Wronowski, who holds a master’s degree in education and was a research scientist prior to becoming a teacher, said the process was as challenging as getting her master’s degree.
The teacher training program, recognized as one of the best and most rigorous in the nation, takes an average of about 200 hours to complete, and two to three years often goes into being certified.
“I really consider completing my National Board certification an equivalent amount of work to completing my master’s of education,” Wronowski said. “It’s a training program first and foremost designed to make you the best teacher you can possibly be.”
The state previously paid teachers who underwent the rigors of obtaining National Board certification a bonus of $5,000 each year for the 10-year duration of the certification. Oklahoma has approximately 3,000 teachers who are National Board certified. In Oklahoma City Public Schools, there are 115 teachers and 35 speech pathologists who would be eligible for the bonus, according to Karl Springer, superintendent of OKC Public Schools.
Despite some major budget cuts in the past couple of years because of state revenue shortfalls, the state has continued to fund the bonuses, albeit at a lower level. However, the National Board Certified Teachers bonus fund was one of several programs to be cut back to zero after a new budget was narrowly passed on June 23 by the State Board of Education.
School administrators and teachers have both said they were caught off guard by the deep cuts to some of the individual programs in the budget.
“Obviously, I’m disappointed,” Wronowski said. “As an educator who devoted a tremendous amount of time to becoming the absolute most professional educator and best educator I can be, it is disappointing in that you feel the worth has been taken out of it.”
Some program heads and district officials said they had little warning that some of the programs would be completely cut and the extent of other cuts.
However some of the cuts — including zeroing out the National Board Certification Revolving Fund — appear to have been in the works since at least January.
The budget shortfall has also spurred State Superintendent Janet Barresi to call for State Department of Education workers to assist districts in finding private donors, such as corporations and foundations, to help fund some of the affected programs.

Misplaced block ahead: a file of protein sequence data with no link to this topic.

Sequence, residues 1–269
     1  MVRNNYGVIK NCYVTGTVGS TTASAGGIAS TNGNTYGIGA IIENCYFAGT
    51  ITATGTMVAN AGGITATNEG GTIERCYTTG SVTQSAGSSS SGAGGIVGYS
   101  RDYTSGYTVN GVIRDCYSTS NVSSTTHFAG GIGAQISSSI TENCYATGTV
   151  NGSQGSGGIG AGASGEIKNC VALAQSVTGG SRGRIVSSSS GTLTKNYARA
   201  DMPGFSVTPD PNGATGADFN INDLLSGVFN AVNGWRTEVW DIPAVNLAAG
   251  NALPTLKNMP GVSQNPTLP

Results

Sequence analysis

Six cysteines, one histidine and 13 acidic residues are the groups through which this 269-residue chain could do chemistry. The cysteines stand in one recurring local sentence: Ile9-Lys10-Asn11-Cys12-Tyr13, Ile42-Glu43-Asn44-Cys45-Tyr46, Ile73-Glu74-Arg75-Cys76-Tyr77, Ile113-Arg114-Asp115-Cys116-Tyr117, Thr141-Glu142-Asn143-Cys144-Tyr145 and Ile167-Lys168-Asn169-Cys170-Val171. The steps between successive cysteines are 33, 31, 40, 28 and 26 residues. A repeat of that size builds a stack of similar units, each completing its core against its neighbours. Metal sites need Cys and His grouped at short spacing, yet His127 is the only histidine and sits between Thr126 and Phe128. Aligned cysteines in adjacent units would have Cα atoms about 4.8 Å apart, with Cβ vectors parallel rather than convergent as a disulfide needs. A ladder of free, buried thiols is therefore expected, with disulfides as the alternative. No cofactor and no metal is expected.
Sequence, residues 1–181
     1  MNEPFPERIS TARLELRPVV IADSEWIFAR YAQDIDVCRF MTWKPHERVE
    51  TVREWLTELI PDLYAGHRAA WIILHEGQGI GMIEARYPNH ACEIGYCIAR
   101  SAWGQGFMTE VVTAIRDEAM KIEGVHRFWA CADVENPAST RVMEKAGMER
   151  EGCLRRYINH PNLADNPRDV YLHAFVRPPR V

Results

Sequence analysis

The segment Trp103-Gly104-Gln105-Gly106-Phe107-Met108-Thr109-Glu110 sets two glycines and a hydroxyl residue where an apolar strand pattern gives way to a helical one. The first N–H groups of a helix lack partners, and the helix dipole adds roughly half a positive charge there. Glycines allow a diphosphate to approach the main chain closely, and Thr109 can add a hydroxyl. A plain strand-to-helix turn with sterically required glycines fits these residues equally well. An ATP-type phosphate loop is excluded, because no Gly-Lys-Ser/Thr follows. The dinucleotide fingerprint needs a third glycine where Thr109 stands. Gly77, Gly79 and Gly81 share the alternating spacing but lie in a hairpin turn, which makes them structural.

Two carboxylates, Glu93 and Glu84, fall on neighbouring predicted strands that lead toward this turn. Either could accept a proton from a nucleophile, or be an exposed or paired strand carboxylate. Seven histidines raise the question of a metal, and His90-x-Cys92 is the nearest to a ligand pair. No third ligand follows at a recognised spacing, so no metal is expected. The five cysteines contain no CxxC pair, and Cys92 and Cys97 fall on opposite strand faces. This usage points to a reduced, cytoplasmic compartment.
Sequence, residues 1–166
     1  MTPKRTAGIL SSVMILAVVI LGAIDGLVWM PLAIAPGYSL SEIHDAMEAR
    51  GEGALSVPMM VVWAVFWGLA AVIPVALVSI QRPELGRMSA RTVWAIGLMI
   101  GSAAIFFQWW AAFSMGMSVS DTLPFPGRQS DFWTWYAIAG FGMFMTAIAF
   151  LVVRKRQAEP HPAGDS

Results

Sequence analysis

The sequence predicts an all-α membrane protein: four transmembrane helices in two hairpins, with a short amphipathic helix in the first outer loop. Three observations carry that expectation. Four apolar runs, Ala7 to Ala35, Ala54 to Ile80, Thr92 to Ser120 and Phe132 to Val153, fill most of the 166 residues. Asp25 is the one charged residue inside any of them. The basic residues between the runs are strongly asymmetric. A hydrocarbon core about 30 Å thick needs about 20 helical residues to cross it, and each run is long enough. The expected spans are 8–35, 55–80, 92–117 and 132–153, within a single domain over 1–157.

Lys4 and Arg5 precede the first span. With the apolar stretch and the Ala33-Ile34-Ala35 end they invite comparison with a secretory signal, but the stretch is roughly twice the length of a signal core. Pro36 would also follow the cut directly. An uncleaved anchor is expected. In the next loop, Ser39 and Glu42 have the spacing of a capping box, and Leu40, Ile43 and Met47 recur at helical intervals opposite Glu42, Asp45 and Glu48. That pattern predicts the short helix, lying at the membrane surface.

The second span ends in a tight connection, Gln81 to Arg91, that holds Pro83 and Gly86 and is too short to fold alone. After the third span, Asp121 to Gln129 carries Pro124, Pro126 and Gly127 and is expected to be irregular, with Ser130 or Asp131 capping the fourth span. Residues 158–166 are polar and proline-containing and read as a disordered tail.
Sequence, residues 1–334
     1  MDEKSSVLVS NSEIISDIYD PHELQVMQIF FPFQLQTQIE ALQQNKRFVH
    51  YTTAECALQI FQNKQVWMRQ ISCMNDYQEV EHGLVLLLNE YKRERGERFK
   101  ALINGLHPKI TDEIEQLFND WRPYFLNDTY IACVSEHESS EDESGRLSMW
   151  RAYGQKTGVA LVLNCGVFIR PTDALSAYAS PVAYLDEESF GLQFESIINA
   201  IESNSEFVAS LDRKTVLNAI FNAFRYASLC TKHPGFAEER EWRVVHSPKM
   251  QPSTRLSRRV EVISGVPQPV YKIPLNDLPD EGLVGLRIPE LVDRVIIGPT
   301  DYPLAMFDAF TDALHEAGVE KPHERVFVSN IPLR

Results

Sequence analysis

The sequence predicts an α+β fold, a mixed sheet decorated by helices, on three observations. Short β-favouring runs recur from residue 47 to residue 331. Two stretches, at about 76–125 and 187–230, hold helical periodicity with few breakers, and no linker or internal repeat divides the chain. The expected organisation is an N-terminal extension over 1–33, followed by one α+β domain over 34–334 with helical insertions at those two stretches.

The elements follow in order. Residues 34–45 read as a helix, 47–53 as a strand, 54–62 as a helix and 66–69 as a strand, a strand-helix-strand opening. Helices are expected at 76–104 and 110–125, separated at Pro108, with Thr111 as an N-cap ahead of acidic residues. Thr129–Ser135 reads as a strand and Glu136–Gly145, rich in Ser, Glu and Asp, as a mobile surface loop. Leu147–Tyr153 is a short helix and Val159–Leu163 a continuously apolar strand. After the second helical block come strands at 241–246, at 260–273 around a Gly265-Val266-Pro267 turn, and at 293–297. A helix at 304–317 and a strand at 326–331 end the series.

When asked whether the use of corporate donors and foundations covering the expenses of programs that had been funded by the state was a solution for this budget year or a long-term solution, Barresi said she was concentrating on get ting through this fiscal year first.
During the June 23 meeting, Barresi said she and her staff had been fighting to keep the programs until noon the day before.
“Some of these programs that we had to zero out were very emotional decisions,” she said. “These are programs that I believe in deeply, and I appreciate their work. We are going to be looking for opportunities for public-private partnerships so these programs can be maintained.”
Barresi said her staff and state legislators all worked to reduce the impact of the cuts in the classroom, and went program by program to see what money could be saved.
“We’ve been focusing on this budget ever since the Legislature convened,” Barresi said. “This is the third year in a row that the state budget has had a shortfall, and it has significantly impacted education. So we had to look at what our priorities were.”
Although Barresi presented a budget to the Legislature that kept funding levels flat, when the final budget numbers came in from lawmakers, funding for common education was cut 4.1 percent, leading to dramatic reductions that Barresi called “heartbreaking.”
Others, however, say that heartbreak could have been avoided.
At the June 23 meeting, Barresi presented a budget to the State Board of Education reflecting a reduction in state funding that affected three of the four funding categories.
The total amount for state aid funding for this fiscal year is $1.8 billion, compared to around $1.9 billion last fiscal year. The state education department fund dropped to $21.4 million in this fiscal year, and while the textbook fund remained steady at $33 million, the school activities fund dropped to a little more than $401 million.
Some board members expressed concern that they had only received the budget the day before the meeting, and the vote to approve the budget was split among the board 3-3. Barresi cast the deciding vote, allowing the budget approval to pass.
However, Tulsa Public Schools Superintendent Keith Ballard said he was skeptical as to whether the cuts to education could not have been avoided.
“I believe going back to the legislative session that they didn’t have to cut education to the extent they did. They just didn’t make education a priority,” Ballard said.
Ballard said he was shocked to hear that education would be cut, especially with tax collections rising. He added that income tax cuts this year, which took nearly $60 million out of the state’s budget, coupled with a lack of eliminating or reforming some tax credits helped create the illusion of needed cuts.
“People say they want smaller government; this is what it looks like,” he said. “I’ve never seen decimation to this extent. I know the economy has been difficult, but there are things that could have been done this year to alleviate the budget cuts.”